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Orphy Robinson’s Astral Weeks, London Jazz Festival 2018 review - reimagining a masterpiece | reviews, news & interviews

Orphy Robinson’s Astral Weeks, London Jazz Festival 2018 review - reimagining a masterpiece

Orphy Robinson’s Astral Weeks, London Jazz Festival 2018 review - reimagining a masterpiece

A 50th anniversary salute ranges from the heartbreakingly beautiful to the revelatory

Celebrating the uniqueness of a Sixties classic: Orphy RobinsonRoger Thomas

After failing to make the charts on its release 50 years ago this month, Astral Weeks has long since passed into pop mythology, its unique amalgam of jazz, folk and soul influences inspiring musicians, writers and filmmakers alike.

Martin Scorsese said that he based the first 15 minutes of Taxi Driver on the album, Rickie Lee Jones has called it “still daring, still innovative”, Bruce Springsteen, who chose “Madame George” when he was a guest on Desert Island Discs, stated that the album “made me trust in beauty, it gave me a sense of the divine”, while in the 1979 anthology Stranded: Rock and Roll for a Desert Island, Lester Bangs noted “a swath of pure beauty and mystical awe that cut right through the heart of the work”.

McFarlane’s takes on “Sweet Thing” and “Ballerina” were both heartbreakingly beautiful

For the leading UK vibes player, multi-instrumentalist, improviser and 2017 Jazz FM "Live Experience of the Year" Award winner, Orphy Robinson, the fact that the original line-up for Astral Weeks included a number of acclaimed jazz musicians – bassist Richard Davis, whose stellar discography included Eric Dolphy’s Out to Lunch!, Andrew Hill’s Point of Departure and a host of other classic Blue Note, Prestige and Impulse! releases, the versatile guitarist Jay Berliner, long-standing Modern Jazz Quartet drummer Connie Kay, and vibist and Composers Workshop Ensemble co-founder Warren Smith Jr. – must have exerted a powerful pull when it came to reimagining the album.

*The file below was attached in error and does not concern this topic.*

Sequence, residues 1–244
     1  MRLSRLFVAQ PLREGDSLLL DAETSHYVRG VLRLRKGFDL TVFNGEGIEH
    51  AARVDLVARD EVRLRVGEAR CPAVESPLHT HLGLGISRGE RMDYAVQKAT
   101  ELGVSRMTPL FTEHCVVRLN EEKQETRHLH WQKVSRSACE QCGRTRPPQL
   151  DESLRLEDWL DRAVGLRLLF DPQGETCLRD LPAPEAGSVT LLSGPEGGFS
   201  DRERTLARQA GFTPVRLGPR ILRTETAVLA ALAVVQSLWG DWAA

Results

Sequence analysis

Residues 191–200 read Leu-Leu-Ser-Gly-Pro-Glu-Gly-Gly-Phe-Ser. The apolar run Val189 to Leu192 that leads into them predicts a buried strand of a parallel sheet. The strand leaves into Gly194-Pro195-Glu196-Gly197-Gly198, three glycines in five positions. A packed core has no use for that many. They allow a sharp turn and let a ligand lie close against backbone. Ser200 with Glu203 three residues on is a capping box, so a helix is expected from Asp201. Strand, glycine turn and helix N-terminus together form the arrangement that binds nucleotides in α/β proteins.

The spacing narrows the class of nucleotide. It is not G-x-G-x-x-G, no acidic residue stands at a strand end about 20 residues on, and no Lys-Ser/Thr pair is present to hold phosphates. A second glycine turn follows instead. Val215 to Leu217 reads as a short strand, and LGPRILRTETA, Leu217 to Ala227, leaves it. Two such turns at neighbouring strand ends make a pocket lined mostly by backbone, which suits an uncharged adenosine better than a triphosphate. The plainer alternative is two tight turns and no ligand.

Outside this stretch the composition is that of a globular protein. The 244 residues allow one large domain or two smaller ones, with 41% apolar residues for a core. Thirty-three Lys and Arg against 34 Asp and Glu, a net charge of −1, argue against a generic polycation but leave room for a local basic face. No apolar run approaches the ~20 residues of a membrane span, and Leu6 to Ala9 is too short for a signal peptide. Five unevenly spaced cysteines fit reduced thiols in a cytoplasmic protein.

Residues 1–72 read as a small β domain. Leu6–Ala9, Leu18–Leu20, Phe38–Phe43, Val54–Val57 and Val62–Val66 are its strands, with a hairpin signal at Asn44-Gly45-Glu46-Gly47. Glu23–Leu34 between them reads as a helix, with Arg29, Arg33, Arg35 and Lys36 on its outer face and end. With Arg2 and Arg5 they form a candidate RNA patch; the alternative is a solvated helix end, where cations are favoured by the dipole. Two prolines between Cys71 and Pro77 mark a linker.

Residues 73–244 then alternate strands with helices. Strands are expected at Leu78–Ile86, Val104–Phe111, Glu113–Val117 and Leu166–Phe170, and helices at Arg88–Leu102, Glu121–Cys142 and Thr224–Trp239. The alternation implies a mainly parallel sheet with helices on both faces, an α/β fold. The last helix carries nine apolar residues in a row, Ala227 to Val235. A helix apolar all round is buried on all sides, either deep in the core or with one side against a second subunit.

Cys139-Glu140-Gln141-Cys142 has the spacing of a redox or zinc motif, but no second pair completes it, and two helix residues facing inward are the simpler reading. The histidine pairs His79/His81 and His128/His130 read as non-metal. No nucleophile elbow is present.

Robinson, who as well as playing vibes also seamlessly incorporated the singular timbres of the cajón and the melodica into his expanded instrumental palette, took the musical freedom at the heart of Astral Weeks as a springboard for his imagination. Bringing together a host of the UK’s top musicians and vocalists to pay homage to the magic created in NYC’s Century Sound Studios half a century ago – vocalists Joe Cang, Sahra Gure, Zara McFarlane and Sarah Jane Morris, guitarists Tony Remy and Mo Nazam, pianist Justina Curtis, cellist Kate Shortt, flautist Rowland Sutherland, bassist Dudley Phillips and drummer Katie Patterson – Robinson illustrated how Morrison’s poetic stories remain perpetually fresh and open to different interpretative approaches.

As soon as Cang and Gure stepped inside the harmonic stasis of the title track, hypnotically exchanging phrases in the first of several extended codas, you felt the entire audience in the Queen Elizabeth Hall light up in response.

McFarlane’s takes on “Sweet Thing” and “Ballerina” – the latter featuring a brilliantly inventive duet section between Sutherland and Remy – were both heartbreakingly beautiful, while Morris channelled the blues, Tom Waits, Janis Joplin and more in revelatory accounts of “Cyprus Avenue” and a drummer-less “Madame George”, drawing out great dynamic waves of sound that propelled the music forward in irresistible surges.

Gure brought a moving radiance to “The Way Young Lovers Do”, which featured a blistering solo from Robinson, and, following a scene-setting introduction by Remy and Nazam, Cang’s bittersweet “Slim Slow Slider” exuded an elegiac insight. 

A trio of additional Morrison songs offered unforeseen treats, with McFarlane dusting down a crowd-pleasing "Moondance", at the end of which Robinson orchestrated a miraculous fade, Cang delivering a heartfelt "Crazy Love", then a final uplifting blast of "Jackie Wilson Said", with musicians and singers parading off stage to the strains of its chorus riff sung a cappella


Robinson illustrated how Morrison’s poetic stories remain perpetually fresh and open to different interpretative approaches


Editor Rating: 
Average: 4 (1 vote)

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